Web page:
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    Editorial: Parasite Infections: From Experimental Models to Natural Systems (2018)

    Art
    Zeitschriftenartikel / wissenschaftlicher Beitrag
    Autoren
    Aebischer, Toni
    Matuschewski, Kai
    Hartmann, Susanne (WE 6)
    Quelle
    Frontiers in cellular and infection microbiology; 8 — S. 1–3
    ISSN: 2235-2988
    Sprache
    Englisch
    Verweise
    URL (Volltext): https://www.frontiersin.org/articles/10.3389/fcimb.2018.00012/full
    DOI: 10.3389/fcimb.2018.00012
    Kontakt
    Institut für Immunologie und Molekularbiologie

    Robert-von-Ostertag-Str. 7-13
    Gebäude 35
    14163 Berlin
    Tel.+49 30 838 - 518 34 Fax.+49 30 838 451 834

    Abstract / Zusammenfassung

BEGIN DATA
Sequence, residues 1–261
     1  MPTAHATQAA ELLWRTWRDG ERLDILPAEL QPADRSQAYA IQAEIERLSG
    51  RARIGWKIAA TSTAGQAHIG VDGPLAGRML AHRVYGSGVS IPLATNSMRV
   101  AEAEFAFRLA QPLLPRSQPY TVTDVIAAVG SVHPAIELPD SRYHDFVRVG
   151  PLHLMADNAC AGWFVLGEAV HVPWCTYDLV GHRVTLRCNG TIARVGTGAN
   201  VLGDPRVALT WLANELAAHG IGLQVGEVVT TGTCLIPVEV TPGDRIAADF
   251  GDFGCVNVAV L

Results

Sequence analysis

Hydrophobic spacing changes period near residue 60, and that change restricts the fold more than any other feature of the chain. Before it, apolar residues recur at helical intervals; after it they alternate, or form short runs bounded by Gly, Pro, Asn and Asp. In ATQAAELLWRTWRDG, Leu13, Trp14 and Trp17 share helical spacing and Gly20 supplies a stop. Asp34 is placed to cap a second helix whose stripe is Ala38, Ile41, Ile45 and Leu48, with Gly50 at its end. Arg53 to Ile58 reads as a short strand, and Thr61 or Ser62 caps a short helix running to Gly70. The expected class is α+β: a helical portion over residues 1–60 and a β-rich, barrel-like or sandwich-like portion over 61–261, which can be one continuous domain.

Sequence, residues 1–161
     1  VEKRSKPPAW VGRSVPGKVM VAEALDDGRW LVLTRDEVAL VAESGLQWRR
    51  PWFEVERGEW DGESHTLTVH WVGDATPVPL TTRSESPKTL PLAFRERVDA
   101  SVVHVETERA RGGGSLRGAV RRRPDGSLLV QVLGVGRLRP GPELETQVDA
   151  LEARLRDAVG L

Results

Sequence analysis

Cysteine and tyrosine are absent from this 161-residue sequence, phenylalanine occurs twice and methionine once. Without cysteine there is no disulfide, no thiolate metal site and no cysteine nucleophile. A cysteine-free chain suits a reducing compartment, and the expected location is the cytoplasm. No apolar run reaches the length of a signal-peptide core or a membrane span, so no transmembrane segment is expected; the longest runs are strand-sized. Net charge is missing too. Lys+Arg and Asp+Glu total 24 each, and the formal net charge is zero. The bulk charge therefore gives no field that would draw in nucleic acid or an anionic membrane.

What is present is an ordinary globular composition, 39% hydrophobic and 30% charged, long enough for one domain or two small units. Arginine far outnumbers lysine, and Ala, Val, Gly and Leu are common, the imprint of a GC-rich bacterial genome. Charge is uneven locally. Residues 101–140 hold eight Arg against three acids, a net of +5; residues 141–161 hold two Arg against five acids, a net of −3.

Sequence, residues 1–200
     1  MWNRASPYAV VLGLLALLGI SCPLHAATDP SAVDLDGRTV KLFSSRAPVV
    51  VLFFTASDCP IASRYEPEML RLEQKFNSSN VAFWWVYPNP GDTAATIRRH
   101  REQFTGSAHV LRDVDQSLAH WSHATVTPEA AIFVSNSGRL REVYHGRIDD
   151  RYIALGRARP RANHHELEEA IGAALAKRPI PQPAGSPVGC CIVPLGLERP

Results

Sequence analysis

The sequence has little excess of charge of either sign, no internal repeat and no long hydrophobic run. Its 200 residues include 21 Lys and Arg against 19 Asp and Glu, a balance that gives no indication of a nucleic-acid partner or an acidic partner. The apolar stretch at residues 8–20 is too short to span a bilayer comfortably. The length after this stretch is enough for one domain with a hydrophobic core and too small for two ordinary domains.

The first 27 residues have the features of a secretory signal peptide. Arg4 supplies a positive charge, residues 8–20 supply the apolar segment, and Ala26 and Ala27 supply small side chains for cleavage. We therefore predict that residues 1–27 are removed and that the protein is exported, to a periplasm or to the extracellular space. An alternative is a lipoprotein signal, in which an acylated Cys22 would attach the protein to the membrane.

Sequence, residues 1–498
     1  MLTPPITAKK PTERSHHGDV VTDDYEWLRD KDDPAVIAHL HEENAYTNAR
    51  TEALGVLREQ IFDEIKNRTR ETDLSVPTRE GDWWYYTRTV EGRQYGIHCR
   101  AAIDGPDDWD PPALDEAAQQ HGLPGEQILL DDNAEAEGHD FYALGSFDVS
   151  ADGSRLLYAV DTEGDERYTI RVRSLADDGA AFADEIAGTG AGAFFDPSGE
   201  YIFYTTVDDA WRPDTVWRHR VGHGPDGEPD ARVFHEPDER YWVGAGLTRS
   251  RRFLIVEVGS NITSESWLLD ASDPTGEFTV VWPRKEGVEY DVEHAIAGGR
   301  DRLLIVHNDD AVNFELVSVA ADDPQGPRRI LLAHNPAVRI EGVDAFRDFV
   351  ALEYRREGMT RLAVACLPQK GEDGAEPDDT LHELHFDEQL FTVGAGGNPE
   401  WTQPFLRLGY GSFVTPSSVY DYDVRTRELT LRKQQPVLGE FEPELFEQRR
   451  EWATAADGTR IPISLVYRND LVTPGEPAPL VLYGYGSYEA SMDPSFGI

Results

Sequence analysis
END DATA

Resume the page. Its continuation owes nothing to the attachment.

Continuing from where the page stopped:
The aim of this research topic is to illustrate the multidisciplinary approaches of modern parasitology. The motivation to study parasites and parasitism varies. In the case of human and animal parasites, research is often motivated by the tremendous health threats and socioeconomic burden they pose. For instance, Plasmodium, the causative agent of malaria, continues to be the most important vector-borne pathogen and was responsible for more than 200 million new cases and 400,000 deaths worldwide in 2016 (WHO, 2016a). Another example is soil-transmitted helminth infections affecting 24% of the world’s population, primarily school children (WHO, 2017). Many parasites are etiologic agents of infections classified as Neglected Tropical Diseases (NTDs) and continue to afflict societies with limited resources (Hotez et al., 2007). Moreover, research on parasites of wildlife can be critical for understanding animal communities and disease ecology (Gomez and Nichols, 2013; Johnson et al., 2015) and—by extrapolation—ecosystems’ dynamics.